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BEHAVIORAL AND MENTAL DISORDERS


MENTAL AND BEHAVIORAL DISORDERS AT ADOPTION
Depression

In the orphanage
Depression is probably the most underdiagnosed condition among institutionalized children. The earliest clinical descriptions of childhood depression derive from observations of institutionalized children. "Anaclitic depression" describes the behavior of infants left without maternal care: characteristics include "withdrawal, weight loss, insomnia, weeping, and developmental retardation." Less dramatic symptoms of depression may be readily observed among children in most orphanages, and clearly relate to the lack of a consistent primary caregiver.

After adoption
Some children display symptoms of depression after adoption. Withdrawal, anorexia, lack of eye contact, limited motor activity, and limited language production are normal reactions to the drastic change in environment experienced by the children. Parents must be prepared for this reaction and accept that their children may grieve for lost caregivers and the loss of the familiar environment. Sleep disturbances and feeding difficulties are common.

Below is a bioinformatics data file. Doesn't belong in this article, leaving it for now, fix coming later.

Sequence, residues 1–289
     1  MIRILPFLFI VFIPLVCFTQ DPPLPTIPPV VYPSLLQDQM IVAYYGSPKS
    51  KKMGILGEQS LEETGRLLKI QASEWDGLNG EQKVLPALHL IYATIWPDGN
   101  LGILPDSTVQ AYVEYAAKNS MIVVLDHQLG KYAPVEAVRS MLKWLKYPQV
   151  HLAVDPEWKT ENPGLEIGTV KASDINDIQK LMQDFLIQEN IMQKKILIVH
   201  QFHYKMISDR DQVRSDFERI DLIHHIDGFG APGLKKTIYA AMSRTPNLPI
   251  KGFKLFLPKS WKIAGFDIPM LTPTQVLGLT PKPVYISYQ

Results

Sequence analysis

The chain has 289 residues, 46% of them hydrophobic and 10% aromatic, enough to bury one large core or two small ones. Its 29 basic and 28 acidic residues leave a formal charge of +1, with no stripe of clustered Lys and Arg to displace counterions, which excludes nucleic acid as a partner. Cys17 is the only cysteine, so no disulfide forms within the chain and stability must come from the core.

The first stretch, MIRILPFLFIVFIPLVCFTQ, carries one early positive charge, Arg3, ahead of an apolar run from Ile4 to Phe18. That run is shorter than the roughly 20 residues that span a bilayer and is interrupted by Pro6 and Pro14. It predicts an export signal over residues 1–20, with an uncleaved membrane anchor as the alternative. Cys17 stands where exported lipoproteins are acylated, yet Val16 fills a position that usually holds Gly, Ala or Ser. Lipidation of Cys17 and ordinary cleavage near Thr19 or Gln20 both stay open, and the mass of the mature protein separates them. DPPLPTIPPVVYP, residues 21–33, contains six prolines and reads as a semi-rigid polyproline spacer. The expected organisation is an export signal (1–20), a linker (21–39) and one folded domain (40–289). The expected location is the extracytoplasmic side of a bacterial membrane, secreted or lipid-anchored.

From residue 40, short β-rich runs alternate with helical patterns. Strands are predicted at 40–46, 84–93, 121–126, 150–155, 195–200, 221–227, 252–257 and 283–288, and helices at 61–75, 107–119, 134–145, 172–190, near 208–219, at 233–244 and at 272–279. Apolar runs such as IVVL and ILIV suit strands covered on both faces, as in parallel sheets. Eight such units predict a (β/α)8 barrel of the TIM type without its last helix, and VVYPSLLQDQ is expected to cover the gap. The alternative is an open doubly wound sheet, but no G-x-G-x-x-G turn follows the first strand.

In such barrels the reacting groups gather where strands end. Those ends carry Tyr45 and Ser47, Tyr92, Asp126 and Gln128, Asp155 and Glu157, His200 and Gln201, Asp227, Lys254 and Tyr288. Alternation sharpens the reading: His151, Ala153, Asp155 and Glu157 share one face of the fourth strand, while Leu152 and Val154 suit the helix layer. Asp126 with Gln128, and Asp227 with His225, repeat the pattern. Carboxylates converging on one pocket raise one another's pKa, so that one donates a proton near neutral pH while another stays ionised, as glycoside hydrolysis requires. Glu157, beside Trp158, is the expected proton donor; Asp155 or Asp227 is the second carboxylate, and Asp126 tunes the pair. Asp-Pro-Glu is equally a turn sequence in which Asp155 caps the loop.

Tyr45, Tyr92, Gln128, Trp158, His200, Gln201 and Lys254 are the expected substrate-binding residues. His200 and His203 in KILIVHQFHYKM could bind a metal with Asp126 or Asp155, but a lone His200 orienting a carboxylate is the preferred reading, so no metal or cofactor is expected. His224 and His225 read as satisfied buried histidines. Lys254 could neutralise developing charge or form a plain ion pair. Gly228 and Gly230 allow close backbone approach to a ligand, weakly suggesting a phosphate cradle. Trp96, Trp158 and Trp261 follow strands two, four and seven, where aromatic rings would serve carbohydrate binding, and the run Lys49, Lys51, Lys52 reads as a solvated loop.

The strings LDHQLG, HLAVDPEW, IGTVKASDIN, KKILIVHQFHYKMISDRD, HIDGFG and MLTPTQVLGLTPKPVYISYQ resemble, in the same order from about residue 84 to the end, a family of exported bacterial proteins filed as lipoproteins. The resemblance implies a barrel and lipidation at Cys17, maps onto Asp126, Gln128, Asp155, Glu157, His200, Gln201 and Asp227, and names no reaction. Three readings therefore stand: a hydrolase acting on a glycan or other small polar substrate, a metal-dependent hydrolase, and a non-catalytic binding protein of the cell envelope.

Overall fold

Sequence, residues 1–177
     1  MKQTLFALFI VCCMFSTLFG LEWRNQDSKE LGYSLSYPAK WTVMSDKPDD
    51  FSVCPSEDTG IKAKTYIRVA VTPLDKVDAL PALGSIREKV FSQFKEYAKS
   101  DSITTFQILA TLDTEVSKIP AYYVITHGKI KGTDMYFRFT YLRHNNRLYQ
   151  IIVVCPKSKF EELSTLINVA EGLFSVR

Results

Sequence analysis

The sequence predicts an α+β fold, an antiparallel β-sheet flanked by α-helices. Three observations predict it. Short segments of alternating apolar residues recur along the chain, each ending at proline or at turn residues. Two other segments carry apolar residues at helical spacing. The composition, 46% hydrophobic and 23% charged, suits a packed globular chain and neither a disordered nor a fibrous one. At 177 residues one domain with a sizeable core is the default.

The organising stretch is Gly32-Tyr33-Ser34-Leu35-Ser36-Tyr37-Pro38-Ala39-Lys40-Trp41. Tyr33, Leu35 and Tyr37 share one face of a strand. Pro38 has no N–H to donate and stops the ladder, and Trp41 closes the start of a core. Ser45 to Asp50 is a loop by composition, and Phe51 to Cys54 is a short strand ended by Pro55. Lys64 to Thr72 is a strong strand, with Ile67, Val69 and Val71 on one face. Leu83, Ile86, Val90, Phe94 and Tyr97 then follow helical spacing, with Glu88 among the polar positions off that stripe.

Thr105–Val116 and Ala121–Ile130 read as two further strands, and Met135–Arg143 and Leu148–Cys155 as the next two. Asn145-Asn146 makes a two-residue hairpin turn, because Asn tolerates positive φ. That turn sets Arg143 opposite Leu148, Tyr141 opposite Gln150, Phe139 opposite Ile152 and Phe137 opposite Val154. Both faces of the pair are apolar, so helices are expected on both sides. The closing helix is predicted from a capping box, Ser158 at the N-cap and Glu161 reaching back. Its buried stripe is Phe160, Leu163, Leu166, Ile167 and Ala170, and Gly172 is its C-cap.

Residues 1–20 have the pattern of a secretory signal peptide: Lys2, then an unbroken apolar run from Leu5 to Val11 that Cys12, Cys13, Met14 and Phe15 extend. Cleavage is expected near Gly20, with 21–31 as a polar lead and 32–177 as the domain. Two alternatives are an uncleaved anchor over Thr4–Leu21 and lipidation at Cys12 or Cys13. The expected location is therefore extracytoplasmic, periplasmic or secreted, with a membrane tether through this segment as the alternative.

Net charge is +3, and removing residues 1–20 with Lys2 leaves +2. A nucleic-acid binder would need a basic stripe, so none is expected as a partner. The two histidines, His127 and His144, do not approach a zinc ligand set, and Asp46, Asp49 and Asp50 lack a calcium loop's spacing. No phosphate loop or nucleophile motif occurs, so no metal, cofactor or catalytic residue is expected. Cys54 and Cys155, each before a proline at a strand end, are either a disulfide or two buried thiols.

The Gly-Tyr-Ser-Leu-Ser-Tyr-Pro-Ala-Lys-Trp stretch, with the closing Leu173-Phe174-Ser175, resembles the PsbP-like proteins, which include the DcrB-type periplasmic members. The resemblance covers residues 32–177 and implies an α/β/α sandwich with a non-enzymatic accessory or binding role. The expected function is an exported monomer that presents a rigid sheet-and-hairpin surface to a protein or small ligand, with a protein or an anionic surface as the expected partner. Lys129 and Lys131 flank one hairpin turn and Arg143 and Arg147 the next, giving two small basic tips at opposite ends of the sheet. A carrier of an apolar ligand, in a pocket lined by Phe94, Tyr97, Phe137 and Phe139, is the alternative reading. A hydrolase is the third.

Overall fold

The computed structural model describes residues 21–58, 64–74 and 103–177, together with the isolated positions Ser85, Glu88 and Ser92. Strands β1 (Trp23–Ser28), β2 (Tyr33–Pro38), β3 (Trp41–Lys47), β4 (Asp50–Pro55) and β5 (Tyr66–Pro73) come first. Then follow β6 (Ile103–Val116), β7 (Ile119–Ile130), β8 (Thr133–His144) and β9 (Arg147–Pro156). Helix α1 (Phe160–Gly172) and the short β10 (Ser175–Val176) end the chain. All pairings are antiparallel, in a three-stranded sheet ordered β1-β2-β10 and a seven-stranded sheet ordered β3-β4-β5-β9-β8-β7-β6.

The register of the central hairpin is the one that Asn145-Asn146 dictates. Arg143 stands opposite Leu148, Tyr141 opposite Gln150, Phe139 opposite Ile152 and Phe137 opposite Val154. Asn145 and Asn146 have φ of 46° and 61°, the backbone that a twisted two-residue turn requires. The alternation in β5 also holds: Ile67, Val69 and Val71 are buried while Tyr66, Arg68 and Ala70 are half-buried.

While such behaviors are generally transient, some symptoms of depression may persist. In some children, symptoms may emerge some time after the adoption, even if the initial adjustment was smooth. Memories of lost friends, caregivers, and places may be triggered by comments, books, movies, school projects, or other events in the child's life. Months and years after adoption the child's interpretation of this experience may lead to depression, shame, and sense of worthlessness ("if I had been good, my birthmother would have kept me").

Exposure to newborns and young infants, arrival of a new sibling (by birth or adoption), and passage through typical developmental stages (graduations or other achievements, dating, intimacy, marriage, parenthood) may all amplify a sense of loss associated with adoption. Pediatricians and adoptive parents must be sensitive and aware of possible triggers of depression at various lifestages.

 

From THE HANDBOOK OF INTERNATIONAL ADOPTION MEDICINE by Laurie C. Miller. © 2004 by Oxford University Press, Inc. Used by Permission.

 

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